Individual investors need to take a serious look at covered calls. This is especially true for investors who feel options are a highly risky trading vehicle.
So, what is a covered call?
By definition…a covered call is a conservative options strategy whereby an investor holds a stock or ETF in an asset and sells call options on that same asset to generate increased income. Unlike buying options outright, covered calls are a conservative strategy. In fact, covered calls are the only options strategy that is allowed in retirement accounts.
All you need to initiate the strategy is 100 shares of stock and a liquid options market. By liquid, I mean options with significant volume . If you own at least 100 shares of stock, then you have the ability to “sell a call” against your stock (assuming it has options, which most do). Remember, 100 shares of stock equals one option contract.
So why sell covered calls?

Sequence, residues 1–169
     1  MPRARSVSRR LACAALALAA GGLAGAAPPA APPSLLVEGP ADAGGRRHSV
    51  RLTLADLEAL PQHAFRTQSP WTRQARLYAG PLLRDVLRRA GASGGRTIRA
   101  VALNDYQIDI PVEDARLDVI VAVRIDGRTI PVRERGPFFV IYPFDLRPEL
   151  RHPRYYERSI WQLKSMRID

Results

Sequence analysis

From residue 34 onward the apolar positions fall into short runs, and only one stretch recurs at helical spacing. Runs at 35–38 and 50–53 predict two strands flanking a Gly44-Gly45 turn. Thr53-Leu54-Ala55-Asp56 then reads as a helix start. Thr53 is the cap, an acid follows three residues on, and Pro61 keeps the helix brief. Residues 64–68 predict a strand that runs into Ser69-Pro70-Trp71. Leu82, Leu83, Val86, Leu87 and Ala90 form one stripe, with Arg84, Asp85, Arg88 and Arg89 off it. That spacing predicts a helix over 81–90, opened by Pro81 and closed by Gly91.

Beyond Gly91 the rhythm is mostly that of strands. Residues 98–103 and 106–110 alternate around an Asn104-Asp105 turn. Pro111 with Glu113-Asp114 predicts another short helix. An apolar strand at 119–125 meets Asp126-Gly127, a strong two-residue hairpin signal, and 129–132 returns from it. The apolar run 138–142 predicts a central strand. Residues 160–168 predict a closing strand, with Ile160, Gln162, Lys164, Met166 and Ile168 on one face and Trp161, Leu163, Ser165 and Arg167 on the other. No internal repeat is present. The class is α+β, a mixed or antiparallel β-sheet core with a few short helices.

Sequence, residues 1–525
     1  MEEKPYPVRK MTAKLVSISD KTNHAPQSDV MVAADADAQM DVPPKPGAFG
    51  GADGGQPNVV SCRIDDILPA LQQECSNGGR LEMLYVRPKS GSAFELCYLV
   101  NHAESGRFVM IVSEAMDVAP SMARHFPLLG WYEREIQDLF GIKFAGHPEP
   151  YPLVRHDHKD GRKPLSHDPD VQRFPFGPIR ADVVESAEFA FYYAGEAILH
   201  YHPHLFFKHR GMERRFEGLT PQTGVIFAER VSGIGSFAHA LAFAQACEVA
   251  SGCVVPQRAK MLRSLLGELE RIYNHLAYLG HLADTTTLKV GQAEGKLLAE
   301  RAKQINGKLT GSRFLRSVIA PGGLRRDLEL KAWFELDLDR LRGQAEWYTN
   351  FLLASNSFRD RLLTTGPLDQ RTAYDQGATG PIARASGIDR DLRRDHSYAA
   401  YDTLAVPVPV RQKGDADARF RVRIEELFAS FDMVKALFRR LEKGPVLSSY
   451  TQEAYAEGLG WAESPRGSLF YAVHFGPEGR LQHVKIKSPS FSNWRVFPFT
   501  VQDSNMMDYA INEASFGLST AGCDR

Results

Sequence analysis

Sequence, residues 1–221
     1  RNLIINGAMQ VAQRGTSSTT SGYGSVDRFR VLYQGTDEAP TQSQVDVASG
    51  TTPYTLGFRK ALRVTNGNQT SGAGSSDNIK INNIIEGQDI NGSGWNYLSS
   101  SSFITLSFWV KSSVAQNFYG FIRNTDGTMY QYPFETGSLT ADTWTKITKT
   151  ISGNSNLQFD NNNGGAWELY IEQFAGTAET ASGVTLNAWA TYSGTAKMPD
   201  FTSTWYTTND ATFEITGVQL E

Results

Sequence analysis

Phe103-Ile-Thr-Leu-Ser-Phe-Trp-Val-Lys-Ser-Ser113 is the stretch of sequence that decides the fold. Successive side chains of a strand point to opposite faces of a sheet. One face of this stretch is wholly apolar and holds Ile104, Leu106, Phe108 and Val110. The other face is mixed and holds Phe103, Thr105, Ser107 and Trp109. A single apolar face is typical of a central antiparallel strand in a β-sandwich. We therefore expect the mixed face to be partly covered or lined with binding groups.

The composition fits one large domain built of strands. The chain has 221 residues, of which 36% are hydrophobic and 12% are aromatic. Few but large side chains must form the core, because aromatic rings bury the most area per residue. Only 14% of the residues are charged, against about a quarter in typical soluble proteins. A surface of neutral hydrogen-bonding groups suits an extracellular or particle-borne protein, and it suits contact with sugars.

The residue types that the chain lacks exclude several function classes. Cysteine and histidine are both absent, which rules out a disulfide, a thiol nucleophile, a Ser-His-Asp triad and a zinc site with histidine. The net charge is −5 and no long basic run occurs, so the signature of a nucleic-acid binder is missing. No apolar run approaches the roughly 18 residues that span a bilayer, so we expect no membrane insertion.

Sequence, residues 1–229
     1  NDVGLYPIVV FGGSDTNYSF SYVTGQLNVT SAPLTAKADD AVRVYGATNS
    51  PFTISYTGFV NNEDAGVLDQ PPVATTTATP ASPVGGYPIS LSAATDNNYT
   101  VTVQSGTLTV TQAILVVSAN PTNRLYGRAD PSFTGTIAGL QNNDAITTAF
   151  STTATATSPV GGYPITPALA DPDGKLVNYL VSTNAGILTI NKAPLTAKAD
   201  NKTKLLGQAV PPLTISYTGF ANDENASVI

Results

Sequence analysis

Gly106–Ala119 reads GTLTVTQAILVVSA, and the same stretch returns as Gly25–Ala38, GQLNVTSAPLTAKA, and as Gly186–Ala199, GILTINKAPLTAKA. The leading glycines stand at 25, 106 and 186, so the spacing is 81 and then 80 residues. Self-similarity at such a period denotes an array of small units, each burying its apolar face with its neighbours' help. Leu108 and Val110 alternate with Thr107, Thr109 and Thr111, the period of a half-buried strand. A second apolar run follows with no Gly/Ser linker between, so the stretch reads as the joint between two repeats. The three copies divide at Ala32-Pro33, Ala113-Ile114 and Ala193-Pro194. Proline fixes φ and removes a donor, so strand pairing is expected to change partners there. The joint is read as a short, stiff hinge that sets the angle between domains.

If you wish to bring in residual income on a consistent basis or if your market forecast is neutral to moderately bullish selling covered calls is the appropriate options strategy.
Why would you ever buy a stock based on an analyst’s price target that has a chance of success of only 35%, 5% or even 1%? It’s pure insanity.
The synthetic short stock with split strikes strategy is a means of muting both the risk and reward of a straight short sale.
A synthetic short stock trade is formed by selling a call and buying a put with the same strike price and expiration date.
The synthetic short call strategy involves shorting 100 shares of the underlying stock and selling an at-the-money put against it.
Weekly options are not even a decade old. And like most new financial products, it took "weeklys" a while to grow in popularity.